“The devil is in the details.” That never rang any truer for me than when I needed to document a marketing campaign for the first time. Indeed, the devil is in those many, many details, and I learned a lot about not letting anything slip through the cracks.
Last month we launched some redesigned campaigns for our marketing automation tools. There’s more advanced content on Landing Pages, Automated Campaigns, and Web Tracking, and the individual campaigns interconnect with one another. This means there was a lot more complexity involved.
When the new campaigns successfully launched, I was relieved and overjoyed to be done with the project. Then Peter Nelson, our Director of Product Management, reminded me that I was celebrating prematurely, because I was definitely not done. He needed me to document what I had created in these campaigns.
I popped the cork back into my celebratory bottle of champagne and sat down to “throw together a few pages of notes” for him. I estimated it would take me about one hour. One week and 40+ pages later, and I’m only just about done with the project.
I learned the hard way that documentation is vital, and those devilish details are incredibly important.
First, why is it important to document a campaign? Not every campaign may feel like it needs its own instruction manual, but all campaigns, especially those designed for long-term or recurring use, merit a little documentation. These campaigns are important resources for your organization – documenting everything can preserve these assets and gear them towards longevity.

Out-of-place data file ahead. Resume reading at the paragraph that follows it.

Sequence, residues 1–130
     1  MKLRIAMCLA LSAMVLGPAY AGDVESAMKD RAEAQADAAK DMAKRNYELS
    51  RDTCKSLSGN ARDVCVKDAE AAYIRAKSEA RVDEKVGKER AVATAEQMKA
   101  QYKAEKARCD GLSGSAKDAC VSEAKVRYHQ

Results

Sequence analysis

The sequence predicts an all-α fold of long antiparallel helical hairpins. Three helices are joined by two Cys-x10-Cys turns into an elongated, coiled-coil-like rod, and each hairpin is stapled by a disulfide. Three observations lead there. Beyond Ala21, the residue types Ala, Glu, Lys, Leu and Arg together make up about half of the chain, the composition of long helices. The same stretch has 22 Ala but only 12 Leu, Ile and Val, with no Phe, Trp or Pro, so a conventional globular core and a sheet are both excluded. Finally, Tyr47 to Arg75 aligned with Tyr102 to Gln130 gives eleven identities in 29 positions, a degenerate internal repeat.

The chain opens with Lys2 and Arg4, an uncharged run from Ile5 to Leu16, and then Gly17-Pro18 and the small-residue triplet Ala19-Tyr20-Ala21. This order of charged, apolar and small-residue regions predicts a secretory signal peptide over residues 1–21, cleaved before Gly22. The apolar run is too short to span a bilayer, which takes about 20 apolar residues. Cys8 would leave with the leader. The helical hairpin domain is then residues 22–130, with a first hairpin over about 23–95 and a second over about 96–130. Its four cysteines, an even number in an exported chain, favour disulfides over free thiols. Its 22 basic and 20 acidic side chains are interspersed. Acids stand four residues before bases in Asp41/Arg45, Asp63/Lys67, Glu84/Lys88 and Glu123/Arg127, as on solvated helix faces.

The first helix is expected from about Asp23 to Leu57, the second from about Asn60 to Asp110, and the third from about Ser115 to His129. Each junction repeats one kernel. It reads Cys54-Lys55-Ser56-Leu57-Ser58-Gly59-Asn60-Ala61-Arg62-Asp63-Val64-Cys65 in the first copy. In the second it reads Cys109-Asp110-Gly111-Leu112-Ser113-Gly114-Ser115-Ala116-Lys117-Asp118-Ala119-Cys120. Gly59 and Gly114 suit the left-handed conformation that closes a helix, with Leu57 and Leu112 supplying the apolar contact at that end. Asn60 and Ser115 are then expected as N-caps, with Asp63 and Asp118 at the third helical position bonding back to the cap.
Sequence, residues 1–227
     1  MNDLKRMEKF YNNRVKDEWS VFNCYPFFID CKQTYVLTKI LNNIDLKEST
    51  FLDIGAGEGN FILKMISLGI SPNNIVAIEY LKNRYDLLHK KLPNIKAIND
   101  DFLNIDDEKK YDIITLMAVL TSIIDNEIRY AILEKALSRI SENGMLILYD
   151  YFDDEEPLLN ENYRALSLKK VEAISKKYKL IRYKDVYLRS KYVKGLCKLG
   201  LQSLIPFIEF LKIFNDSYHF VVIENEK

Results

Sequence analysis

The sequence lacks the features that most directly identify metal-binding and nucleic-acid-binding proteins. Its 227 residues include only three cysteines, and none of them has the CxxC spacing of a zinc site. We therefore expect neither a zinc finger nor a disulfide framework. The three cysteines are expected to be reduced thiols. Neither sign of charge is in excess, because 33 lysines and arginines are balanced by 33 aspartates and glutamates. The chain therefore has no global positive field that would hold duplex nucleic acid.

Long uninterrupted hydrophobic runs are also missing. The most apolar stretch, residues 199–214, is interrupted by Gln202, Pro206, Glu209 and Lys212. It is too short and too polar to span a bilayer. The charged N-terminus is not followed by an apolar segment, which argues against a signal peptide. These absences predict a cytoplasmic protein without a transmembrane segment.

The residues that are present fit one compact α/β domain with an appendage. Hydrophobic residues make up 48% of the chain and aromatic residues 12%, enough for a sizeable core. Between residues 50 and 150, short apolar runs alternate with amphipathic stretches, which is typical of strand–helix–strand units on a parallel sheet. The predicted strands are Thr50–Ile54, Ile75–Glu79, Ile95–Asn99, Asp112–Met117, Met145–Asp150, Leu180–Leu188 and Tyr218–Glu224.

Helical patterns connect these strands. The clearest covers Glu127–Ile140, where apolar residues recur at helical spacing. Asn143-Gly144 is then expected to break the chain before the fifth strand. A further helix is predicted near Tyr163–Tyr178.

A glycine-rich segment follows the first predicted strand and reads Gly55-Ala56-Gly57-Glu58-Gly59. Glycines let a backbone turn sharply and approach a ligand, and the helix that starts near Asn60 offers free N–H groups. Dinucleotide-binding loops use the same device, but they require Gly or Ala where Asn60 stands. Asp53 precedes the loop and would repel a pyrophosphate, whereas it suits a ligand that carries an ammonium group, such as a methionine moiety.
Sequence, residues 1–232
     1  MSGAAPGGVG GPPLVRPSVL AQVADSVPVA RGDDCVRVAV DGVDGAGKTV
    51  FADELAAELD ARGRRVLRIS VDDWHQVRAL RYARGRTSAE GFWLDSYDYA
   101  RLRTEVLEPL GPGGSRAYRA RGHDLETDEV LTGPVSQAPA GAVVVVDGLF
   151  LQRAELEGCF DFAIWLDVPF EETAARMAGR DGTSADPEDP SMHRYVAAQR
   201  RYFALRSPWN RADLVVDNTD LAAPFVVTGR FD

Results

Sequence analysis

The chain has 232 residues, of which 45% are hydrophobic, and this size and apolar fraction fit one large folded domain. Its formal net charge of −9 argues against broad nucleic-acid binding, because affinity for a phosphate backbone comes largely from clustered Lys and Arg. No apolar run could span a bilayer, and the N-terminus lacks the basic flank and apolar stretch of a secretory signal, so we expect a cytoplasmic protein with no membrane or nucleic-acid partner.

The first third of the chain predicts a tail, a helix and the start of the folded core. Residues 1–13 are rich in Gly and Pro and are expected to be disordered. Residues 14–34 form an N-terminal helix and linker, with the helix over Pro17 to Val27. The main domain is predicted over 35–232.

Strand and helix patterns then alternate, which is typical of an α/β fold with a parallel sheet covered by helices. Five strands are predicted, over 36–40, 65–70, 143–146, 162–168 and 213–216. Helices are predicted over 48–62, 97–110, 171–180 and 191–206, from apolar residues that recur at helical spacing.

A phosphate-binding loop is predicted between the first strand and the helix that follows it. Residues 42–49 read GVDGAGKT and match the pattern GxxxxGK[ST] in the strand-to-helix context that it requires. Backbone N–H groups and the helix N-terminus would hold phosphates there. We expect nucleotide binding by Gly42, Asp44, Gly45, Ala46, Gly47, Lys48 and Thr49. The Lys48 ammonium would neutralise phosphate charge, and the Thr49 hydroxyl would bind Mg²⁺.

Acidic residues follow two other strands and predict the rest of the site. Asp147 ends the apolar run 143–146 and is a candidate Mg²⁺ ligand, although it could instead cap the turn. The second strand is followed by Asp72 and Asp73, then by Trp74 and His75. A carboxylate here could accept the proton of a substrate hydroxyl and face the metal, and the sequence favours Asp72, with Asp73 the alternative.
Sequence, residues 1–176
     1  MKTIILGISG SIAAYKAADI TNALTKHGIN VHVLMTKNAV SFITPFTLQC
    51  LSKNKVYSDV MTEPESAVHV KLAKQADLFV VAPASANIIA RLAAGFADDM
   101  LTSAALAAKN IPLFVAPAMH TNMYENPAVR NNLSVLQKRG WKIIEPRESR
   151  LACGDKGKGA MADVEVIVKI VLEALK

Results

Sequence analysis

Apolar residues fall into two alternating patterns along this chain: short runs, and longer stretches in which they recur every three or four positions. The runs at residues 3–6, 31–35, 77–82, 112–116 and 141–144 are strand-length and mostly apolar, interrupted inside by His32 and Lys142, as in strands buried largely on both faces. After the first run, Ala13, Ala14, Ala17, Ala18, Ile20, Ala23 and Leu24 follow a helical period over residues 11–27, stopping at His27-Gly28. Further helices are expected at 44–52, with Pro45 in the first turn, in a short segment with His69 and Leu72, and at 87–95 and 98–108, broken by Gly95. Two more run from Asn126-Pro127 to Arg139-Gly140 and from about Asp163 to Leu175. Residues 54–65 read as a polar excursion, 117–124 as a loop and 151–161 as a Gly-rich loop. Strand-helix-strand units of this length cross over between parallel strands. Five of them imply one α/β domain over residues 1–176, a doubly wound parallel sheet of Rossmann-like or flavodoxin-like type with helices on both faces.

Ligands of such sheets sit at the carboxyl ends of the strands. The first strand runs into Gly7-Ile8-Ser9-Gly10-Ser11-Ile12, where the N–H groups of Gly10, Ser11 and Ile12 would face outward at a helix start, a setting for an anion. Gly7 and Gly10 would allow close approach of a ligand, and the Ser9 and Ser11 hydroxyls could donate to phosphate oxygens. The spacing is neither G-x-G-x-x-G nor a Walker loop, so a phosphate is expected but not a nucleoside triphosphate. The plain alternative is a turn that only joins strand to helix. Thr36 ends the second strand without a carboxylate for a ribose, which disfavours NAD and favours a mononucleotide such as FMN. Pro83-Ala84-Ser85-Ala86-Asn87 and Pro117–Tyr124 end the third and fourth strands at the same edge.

You don’t want a staffing change to jeopardize the future of that asset. Peter hates when I use the “if I get hit by a bus tomorrow” analogy, so we’ll pretend that I won the lottery instead. If I were to leave and take all the knowledge of how the campaigns were built and how they function with me, there are definitely enough capable minds here to figure out how it works, but specific troubleshooting may take longer time and waste resources.
These campaigns also go out to clients every week. If any of them call with questions about the campaign, it’s important all our advisors can locate the answer for them quickly. Or if the campaign needs to be edited, the documentation is the only thing readily available to point out concerns for updating certain components.